A 2016 Campaign Anthem: Isn’t It Ironic?
If you lived through the 1992 election, you probably remember Fleetwood Mac’s “Don’t Stop Thinking About Tomorrow.” It was the mood music of Bill Clinton’s campaign, and after the Arkansas governor’s win, Stevie Nicks and Mick Fleetwood even suspended a personal feud to get the band back together and perform at the inaugural ball.
Of course, Bill Clinton wasn’t the first musical candidate — since the early days of our nation, presidential contenders have used songs to build their brands and energize their events. And this election season is no exception.
Donald Trump often walks to the stage with Twisted Sister’s “We’re Not Gonna Take It” blaring, while Bernie Sanders prefers Tracy Chapman’s “Talkin’ Bout a Revolution.” At her launch, Hillary Clinton’s supporters were treated to Sara Bareilles’ “Brave,” and Ted Cruz’s patriots enjoyed Aaron Tippin’s “Where the Stars and Stripes and the Eagle Fly” after the senator won Iowa. And then there is John Kasich, who recently created a Twitter Moment when he said he wanted to add Justin Bieber’s music to his rallies.
These songs may fit each candidate, but none quite captures the zeitgeist of the 2016 race like Alanis Morissette’s 1995 hit that famously asked “Isn’t It Ironic?”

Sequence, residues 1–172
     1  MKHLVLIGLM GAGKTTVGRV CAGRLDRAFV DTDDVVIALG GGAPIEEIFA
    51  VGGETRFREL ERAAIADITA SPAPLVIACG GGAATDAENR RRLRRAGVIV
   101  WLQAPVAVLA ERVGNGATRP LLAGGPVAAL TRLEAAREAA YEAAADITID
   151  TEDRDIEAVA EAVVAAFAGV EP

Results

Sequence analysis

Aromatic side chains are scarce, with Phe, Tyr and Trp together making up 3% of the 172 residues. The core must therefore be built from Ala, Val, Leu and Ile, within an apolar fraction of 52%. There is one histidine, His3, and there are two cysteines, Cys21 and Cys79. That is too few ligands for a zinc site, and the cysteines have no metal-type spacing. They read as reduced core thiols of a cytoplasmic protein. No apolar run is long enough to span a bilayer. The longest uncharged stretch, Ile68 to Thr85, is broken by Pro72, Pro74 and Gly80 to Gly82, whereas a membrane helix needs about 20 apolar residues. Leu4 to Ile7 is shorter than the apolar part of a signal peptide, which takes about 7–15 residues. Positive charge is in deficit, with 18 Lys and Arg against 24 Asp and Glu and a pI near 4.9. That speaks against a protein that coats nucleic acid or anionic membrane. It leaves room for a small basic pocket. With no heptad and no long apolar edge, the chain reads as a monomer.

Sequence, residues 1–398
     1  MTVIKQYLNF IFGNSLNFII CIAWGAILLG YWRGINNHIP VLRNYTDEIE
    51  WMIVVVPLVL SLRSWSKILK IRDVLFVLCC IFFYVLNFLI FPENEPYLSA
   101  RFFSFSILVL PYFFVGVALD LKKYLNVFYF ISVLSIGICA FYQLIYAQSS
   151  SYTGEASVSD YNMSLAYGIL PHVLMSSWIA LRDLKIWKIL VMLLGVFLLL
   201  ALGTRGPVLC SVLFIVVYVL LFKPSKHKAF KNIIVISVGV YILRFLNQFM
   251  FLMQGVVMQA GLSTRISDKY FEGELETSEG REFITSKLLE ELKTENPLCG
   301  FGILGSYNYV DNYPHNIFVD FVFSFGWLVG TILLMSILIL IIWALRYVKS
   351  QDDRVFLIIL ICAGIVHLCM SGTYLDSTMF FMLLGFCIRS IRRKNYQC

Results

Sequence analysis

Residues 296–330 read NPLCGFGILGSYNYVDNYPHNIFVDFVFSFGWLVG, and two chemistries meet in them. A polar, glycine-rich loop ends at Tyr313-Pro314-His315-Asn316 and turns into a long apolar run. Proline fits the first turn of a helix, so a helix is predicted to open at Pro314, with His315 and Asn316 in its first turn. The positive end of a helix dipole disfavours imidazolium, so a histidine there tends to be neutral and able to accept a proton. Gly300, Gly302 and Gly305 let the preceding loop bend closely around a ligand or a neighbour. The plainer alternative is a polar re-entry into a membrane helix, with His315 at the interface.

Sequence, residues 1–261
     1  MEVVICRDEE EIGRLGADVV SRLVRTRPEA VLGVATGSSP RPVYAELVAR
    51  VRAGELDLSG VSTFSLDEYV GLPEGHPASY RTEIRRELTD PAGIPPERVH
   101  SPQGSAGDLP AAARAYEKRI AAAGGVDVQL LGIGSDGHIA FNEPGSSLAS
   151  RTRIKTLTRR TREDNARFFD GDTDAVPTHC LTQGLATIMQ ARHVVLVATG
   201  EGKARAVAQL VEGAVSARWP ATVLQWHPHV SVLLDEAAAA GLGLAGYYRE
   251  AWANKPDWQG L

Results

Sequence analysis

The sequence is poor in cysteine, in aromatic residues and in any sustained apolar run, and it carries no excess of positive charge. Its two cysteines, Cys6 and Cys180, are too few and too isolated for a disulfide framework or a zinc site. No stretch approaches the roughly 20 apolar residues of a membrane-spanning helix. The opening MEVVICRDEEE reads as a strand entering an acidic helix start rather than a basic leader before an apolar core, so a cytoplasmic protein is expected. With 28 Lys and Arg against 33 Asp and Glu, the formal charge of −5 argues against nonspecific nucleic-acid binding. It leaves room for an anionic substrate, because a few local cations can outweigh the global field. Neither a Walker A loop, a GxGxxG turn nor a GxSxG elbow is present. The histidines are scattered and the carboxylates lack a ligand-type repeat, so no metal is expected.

Now, if you’re a music buff, you probably know there’s a dispute about whether Ms. Morissette’s song lyrics are actually ironic. Whether you are in the pro-irony camp, the no-irony camp, or no camp at all, this much is certain — the song is a fitting anthem for the 2016 election.
Here are seven of its best-known lyrics mashed up with some of the campaign’s oddest twists, strangest turns, and most ironic things:
1. Donald Trump is like rain on the GOP’s wedding day.
This is an election in which the GOP should have the advantage. Enter Donald Trump. A New York billionaire with a liberal history is leading the Republican race. He’s broken with party orthodoxy, left the famous post-2012 RNC autopsy in shambles, and has the worst image ratings of any presidential candidate in polling history. To heap irony on top of irony, Trump’s unshakeable base includes a large number of working class voters, most of whom are very angry at New York billionaires.